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Interest rate exogeneity: Theory, evidence and policy issues for the U.S. economy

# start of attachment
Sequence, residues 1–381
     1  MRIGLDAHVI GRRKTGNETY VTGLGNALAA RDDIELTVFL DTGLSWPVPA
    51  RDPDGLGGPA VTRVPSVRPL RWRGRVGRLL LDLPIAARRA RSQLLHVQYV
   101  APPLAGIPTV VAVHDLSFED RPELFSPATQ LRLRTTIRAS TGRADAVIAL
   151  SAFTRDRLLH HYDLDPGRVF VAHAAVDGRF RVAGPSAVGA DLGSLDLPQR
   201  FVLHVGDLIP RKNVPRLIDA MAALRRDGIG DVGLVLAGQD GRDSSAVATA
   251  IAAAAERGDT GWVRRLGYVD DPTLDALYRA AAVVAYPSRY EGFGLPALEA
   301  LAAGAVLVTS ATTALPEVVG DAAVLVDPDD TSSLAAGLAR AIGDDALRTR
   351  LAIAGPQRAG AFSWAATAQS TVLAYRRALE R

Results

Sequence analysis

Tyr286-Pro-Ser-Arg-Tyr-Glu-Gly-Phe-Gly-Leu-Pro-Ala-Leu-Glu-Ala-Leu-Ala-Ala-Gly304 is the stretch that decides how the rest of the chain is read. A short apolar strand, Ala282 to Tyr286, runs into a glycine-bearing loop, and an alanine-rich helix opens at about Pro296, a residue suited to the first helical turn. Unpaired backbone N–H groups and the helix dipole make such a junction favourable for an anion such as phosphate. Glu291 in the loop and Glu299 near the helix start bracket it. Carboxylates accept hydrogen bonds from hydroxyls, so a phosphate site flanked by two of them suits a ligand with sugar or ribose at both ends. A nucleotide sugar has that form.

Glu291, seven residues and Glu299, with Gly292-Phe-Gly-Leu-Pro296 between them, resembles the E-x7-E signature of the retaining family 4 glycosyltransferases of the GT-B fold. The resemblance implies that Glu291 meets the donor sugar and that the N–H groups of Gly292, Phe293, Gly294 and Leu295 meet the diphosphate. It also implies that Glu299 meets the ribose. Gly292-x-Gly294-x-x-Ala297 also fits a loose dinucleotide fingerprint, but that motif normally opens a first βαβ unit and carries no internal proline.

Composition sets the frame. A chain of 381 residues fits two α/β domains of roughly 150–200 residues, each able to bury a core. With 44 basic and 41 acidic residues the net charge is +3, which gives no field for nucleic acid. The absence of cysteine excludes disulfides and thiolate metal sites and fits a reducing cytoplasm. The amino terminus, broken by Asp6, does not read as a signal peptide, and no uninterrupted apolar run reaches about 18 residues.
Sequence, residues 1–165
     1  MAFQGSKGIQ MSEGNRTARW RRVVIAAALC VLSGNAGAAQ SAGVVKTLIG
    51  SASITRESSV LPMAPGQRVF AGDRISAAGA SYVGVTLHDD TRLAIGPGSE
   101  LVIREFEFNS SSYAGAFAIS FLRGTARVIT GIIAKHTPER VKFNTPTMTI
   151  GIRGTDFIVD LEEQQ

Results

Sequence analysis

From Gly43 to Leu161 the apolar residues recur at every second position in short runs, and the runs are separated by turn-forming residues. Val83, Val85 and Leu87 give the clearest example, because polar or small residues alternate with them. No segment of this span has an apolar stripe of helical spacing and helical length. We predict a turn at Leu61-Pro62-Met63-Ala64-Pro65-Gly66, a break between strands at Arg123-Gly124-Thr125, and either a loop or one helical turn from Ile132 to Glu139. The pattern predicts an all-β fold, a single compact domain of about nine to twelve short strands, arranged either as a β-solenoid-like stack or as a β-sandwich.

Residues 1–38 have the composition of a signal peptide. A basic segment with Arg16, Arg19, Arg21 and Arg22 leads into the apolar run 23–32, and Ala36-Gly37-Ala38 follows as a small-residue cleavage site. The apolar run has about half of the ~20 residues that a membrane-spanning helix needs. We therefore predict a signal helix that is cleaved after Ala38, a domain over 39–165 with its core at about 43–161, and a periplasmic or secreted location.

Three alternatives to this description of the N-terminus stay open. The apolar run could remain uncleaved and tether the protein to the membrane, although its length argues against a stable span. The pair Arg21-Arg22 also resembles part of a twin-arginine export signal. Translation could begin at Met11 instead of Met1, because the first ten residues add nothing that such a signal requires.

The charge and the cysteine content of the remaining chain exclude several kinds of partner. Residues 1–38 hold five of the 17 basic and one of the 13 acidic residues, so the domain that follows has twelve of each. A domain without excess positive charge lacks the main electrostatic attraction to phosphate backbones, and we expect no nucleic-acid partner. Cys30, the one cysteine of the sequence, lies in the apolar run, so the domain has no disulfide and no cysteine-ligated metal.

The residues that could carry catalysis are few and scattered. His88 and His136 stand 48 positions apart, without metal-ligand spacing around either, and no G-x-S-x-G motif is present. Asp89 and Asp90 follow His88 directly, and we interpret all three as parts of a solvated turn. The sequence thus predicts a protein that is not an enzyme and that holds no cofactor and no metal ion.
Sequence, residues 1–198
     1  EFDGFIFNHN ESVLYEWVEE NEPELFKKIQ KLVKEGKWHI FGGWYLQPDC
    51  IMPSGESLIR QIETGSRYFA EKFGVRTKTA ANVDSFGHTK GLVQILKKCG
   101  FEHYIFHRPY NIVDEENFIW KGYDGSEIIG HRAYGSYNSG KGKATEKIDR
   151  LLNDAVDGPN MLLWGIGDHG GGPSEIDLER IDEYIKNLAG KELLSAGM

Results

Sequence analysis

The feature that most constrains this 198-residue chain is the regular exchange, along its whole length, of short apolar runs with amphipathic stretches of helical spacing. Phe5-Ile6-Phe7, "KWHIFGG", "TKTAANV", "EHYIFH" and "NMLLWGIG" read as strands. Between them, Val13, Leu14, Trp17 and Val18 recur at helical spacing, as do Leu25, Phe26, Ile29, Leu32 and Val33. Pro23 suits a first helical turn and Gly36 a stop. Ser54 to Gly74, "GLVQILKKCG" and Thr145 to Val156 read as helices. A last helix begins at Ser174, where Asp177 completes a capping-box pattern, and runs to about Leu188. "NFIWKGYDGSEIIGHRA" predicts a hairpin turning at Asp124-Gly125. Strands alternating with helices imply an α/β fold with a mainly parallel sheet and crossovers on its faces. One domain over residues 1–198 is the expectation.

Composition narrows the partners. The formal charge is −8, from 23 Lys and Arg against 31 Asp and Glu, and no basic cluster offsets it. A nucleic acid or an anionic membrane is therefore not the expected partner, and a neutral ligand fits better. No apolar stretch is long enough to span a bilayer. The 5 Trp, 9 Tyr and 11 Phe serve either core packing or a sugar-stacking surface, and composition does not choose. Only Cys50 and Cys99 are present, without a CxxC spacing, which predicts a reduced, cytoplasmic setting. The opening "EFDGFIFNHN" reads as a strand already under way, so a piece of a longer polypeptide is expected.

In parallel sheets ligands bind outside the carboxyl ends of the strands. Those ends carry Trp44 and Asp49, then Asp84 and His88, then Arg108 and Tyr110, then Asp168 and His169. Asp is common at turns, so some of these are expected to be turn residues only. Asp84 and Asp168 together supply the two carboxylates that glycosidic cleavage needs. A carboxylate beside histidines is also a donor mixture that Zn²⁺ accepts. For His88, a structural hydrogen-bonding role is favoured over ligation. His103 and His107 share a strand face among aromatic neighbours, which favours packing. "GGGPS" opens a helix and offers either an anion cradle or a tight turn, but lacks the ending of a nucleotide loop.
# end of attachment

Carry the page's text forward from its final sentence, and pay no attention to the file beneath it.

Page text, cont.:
The idea of an exogenous money supply—controlled entirely through central bank interventions—was a fundamental tenet of monetarism and New Classical economics. Post Keynesians have developed an extensive literature arguing that the money supply is in fact endogenous—that market forces combine with central banks in establishing the money supply. But Post Keynesians disagree on a related question: to what extent are interest rates set exogenously by central banks? This paper presents evidence regarding the movement of interest rates in U.S. financial markets relative to the Federal Reserve-controlled Federal Funds rate. Concluding that market interest rates are primarily set through market forces, that is, are largely endogenous. This is the instability of deregulated financial markets, which leads market participants to make wide swings in their risk assessments over time. It follows that effective regulatory policies to stabilize markets and control interest rates directly will increase the degree of interest rate exogeneity.

 

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